While our focus is on raising the minimum wage – protests, #Fightfor15 and all that – a bureaucratic move you may have missed will also do wonders for many workers’ paychecks.
A new rule from the U.S. Labor Department – finalized last month and taking effect Dec. 1 – will substantially increase the number of employees on salary who will get overtime pay.
Under the old rule, those making $23,660 or more a year were not eligible for time-and-a-half pay even when they worked more than 40 hours in a week. That threshold hasn’t changed since 2004 and clearly hasn’t kept up with inflation or wages.
Under the new rule, salaried employees making less than $47,476 a year must be paid overtime – covering an additional 4.2 million workers, according to the Labor Department. That includes 146,000 in California who earn less than that amount, but more than $41,600 a year, where the state’s own overtime ceiling kicks in.
According to one study, the new rule’s ripple effect will benefit many more workers. Nationwide, about 12.5 million (nearly one-fourth of all workers on salary) will be helped – either by getting overtime, not having to work more than 40 hours, or getting a raise to put them above the threshold, says the Economic Policy Institute.
In California, more than 1 million will be helped, based on the broader measure, and 27 percent of the salaried workforce will be covered by overtime, the study estimates.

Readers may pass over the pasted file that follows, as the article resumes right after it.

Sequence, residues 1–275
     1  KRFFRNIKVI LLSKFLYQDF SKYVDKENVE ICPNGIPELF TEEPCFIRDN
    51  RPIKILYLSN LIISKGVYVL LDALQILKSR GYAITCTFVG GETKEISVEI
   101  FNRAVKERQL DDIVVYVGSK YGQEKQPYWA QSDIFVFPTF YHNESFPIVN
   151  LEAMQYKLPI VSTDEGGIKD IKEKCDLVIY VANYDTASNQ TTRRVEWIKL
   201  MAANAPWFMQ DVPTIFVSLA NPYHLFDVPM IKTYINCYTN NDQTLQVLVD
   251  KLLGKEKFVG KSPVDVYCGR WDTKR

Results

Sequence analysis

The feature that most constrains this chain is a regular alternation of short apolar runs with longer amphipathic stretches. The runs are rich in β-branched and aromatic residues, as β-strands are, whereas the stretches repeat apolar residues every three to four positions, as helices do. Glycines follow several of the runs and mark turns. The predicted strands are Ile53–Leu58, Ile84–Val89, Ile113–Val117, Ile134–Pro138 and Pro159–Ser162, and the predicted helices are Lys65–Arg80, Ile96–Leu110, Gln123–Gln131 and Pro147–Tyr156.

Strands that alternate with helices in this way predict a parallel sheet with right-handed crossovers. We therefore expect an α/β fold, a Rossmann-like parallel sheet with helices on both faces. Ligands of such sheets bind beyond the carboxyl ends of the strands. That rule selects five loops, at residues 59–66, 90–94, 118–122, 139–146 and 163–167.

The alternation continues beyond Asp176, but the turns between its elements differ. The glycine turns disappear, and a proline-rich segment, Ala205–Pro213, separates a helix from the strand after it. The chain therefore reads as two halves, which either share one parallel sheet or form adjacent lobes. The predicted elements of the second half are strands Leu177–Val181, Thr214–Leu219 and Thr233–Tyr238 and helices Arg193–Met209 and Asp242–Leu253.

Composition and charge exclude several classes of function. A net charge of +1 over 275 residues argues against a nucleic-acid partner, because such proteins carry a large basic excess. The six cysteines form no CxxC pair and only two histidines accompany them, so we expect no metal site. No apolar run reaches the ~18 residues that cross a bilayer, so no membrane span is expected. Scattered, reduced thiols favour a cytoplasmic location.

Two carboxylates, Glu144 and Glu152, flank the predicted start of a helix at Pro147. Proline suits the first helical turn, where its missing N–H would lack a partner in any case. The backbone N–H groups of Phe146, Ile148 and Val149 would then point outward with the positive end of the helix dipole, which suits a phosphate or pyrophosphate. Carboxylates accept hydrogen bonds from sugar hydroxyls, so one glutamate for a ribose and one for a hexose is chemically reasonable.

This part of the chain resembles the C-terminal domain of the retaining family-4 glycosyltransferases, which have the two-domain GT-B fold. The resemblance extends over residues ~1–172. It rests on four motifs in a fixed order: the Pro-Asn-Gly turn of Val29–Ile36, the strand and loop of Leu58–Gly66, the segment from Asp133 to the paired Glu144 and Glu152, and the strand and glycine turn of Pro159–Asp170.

This became an issue after horror stories about managers at retail stores being forced to work long hours without compensation.
Still, as you would expect, the business community is complaining and warning that salaried workers will get their bonuses and benefits cut, their hours reduced, or be reclassified as hourly employees. The Labor Department estimates the cost to employers at $1.2 billion in additional overtime pay, plus $300 million in administrative expenses.
The new overtime threshold is a little lower than the $50,400 that the Obama administration proposed last year, and it doesn’t change the “white collar” exemption for executive, administrative and professional employees who still won’t get overtime.
Still, some say it’s one of the most progressive actions that President Barack Obama has taken to guarantee that more middle-class jobs actually mean middle-class pay. The overtime threshold – which now covers only 7 percent of full-time salaried workers, compared to 62 percent in 1975 – will be automatically updated every three years.
To put the new overtime rule in place, Obama bypassed a gridlocked Congress during a presidential campaign where the three remaining candidates are all about helping American workers. It just goes to show how much power the president has – and how much it matters whom we elect.
By the numbers
The number of workers benefiting, and the share of salaried workforce covered by, a new overtime rule in selected states:
- Texas: 1.2 million, 37%
- California: 1.1 million, 27%
- Florida: 1.1 million, 42%
- New York: 982,000, 33%
- Arizona: 258,000, 36%
- Washington: 232,000, 27%
- Oregon: 124,000, 29%
- Nevada: 115,000, 36%
Source: Economic Policy Institute